One of the more experienced drivers on the grid having made his F1 debut back in 2001, Raikkonen’s career span has seen him witness the demise of more traditional circuits on the schedule, including Magny-Cours, Imola and the Nurburgring.
With a number of new purpose-built venues taking their place, such as those in Abu Dhabi, China and Russia, though Raikkonen doesn’t outwardly criticise the modern circuits, he says they have become predictable as they bear the hallmarks of predominant designer Hermann Tilke
“When we go to a new track, we know what to expect,” he told Finnish publication Turun Sanomat. “They all look the same. There are no trees or anything else in the landscape. Of course, each track is always a little bit different, and each corner at the track is a little bit different, but ultimately the new tracks are made up of Tilke corners.”
Labelling the Korean International Circuit, home to the shortlived Korean Grand Prix, as the worst of these venues, Raikkonen was nonetheless more forgiving of another of Tilke’s creations, the Istanbul Park circuit, which hosted the Turkish Grand Prix between 2005 and 2011.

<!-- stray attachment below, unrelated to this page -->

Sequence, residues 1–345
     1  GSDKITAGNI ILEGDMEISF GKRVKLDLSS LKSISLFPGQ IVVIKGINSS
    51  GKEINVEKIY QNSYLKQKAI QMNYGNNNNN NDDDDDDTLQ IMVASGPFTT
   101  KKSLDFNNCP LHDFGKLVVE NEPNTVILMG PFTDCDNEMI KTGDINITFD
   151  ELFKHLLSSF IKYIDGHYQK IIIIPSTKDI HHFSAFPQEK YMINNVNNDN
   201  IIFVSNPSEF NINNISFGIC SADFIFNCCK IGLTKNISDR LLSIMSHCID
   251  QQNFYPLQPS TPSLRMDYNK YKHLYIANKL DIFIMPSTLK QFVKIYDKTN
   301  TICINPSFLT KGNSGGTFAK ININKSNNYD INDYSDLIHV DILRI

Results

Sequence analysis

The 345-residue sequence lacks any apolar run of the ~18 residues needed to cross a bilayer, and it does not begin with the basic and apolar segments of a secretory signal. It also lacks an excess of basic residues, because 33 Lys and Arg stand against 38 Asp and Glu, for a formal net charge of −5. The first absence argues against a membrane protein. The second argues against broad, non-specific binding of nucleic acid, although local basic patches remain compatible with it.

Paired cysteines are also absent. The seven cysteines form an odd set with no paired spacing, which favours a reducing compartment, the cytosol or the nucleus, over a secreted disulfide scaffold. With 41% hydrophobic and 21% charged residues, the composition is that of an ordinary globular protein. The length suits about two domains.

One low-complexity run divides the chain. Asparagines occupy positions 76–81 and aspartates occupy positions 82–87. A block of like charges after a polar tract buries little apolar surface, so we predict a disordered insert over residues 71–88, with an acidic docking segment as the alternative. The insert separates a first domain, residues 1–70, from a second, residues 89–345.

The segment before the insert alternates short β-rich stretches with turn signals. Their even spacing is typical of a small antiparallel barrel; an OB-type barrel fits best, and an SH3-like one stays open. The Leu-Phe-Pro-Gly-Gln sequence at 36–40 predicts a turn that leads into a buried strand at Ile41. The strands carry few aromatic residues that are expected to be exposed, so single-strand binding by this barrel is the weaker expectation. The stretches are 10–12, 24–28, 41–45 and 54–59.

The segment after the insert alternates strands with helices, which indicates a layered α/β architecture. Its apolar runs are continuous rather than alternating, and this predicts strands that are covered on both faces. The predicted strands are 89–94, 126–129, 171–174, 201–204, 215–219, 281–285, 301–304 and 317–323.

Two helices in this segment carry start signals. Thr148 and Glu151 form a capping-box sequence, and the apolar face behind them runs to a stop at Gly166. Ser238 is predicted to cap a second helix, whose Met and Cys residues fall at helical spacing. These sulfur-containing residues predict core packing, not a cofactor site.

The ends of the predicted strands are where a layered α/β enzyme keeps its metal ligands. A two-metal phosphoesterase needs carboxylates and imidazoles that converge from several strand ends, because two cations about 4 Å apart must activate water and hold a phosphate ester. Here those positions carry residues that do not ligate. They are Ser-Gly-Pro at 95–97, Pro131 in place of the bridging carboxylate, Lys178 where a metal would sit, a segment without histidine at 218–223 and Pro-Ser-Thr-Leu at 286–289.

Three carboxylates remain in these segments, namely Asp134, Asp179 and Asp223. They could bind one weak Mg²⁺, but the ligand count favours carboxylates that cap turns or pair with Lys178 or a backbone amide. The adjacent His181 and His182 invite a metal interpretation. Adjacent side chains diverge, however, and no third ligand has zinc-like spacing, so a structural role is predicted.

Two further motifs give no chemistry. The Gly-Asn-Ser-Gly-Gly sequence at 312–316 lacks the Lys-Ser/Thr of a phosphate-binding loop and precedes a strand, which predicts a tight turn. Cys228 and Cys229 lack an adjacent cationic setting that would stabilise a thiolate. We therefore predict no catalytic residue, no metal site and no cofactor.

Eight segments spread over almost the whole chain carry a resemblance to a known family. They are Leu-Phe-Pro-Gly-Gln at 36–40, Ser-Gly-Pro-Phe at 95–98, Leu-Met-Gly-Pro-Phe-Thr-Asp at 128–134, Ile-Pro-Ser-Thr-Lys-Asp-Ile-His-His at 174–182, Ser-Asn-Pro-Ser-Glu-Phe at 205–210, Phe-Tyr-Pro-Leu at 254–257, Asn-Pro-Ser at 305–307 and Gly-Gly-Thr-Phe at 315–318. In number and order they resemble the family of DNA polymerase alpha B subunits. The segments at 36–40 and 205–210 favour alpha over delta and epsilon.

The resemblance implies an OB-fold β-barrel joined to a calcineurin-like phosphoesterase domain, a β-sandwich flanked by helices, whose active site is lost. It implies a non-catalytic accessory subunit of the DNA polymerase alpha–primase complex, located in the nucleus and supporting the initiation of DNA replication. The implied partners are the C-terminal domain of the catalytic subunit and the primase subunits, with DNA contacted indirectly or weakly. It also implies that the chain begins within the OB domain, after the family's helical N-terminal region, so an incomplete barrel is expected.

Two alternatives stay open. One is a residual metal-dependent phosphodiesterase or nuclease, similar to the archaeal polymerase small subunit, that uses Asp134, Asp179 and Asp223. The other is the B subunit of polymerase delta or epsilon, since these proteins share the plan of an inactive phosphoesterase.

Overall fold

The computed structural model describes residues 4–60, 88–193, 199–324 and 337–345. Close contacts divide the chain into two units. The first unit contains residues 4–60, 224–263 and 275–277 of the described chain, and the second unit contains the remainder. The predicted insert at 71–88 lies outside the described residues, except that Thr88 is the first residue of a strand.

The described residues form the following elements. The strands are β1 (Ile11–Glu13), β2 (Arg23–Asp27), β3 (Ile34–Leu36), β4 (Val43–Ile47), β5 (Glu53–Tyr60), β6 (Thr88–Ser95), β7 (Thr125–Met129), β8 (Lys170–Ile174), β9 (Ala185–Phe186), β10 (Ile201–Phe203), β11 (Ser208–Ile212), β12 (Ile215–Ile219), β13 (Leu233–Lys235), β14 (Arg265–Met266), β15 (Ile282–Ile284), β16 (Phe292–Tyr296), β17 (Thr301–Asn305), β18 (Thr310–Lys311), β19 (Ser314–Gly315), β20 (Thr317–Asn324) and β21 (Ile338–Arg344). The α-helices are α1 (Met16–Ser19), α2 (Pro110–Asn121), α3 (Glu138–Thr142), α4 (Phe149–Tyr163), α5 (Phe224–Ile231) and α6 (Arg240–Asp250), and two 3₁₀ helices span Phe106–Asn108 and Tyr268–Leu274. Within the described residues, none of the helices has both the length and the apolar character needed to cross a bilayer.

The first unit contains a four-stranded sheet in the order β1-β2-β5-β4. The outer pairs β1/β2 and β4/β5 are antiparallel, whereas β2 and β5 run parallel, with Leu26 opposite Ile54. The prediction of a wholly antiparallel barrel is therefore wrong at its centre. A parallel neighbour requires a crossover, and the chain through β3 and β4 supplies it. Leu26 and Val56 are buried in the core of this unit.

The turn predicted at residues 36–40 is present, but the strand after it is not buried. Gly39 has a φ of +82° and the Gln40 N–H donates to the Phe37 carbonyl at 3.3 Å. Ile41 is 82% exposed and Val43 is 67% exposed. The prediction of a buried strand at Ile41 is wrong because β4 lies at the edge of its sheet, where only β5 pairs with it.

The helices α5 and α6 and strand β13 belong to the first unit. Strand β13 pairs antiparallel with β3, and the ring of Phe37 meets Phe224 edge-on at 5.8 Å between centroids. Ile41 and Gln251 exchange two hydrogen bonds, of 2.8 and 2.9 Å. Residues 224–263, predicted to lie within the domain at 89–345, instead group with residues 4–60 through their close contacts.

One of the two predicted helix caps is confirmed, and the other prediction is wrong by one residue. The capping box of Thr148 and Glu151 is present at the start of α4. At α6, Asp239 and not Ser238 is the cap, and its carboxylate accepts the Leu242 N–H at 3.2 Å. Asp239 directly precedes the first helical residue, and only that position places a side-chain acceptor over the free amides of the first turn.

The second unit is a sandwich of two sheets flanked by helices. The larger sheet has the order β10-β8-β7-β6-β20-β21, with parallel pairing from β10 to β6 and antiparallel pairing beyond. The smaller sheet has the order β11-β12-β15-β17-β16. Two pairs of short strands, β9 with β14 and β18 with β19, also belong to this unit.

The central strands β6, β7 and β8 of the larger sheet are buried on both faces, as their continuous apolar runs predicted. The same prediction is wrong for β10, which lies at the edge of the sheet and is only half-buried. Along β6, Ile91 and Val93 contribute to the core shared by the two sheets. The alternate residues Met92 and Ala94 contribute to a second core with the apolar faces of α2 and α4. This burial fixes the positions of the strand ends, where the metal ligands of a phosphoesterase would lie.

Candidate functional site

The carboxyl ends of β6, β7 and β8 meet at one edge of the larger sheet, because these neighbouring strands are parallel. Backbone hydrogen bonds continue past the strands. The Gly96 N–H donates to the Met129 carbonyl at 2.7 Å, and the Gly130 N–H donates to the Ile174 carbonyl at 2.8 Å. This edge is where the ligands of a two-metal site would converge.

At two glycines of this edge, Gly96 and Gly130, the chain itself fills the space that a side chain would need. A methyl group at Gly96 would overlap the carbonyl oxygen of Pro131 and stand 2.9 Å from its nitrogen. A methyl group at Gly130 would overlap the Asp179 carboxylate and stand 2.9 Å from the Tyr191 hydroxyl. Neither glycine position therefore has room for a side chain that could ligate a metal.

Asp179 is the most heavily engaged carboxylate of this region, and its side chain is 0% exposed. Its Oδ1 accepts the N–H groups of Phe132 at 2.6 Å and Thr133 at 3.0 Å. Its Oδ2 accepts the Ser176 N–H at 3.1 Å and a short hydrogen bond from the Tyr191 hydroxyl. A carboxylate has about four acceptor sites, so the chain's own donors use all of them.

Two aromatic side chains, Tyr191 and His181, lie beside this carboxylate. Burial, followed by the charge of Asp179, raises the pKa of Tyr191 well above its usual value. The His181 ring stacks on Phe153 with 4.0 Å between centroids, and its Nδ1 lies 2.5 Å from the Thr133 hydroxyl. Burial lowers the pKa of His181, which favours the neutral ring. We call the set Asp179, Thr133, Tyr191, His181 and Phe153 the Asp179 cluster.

“Turkey (Istanbul Park) was a nice track,” he continued. “I liked Magny-Cours – the track was so different, and nearby wasn’t much hassle. Imola was one of the best – there was always a great atmosphere. Also the Nürburgring.”
Of the current F1 circuits, Tilke has designed and developed the A1 Ring (Red Bull Ring), Sepang, Bahrain International Circuit, Shanghai International Circuit, Marina Bay Circuit, Yas Marina Circuit, COTA and the Sochi Autodrom.
He was also responsible for former F1 venues at Istanbul Park, Valencia Street Circuit, Korea International Circuit and the Buddh International Circuit, while he has had a hand in designing the forthcoming Baku City Circuit, which will host the first Grand Prix of Europe to be held in Azerbaijan in June.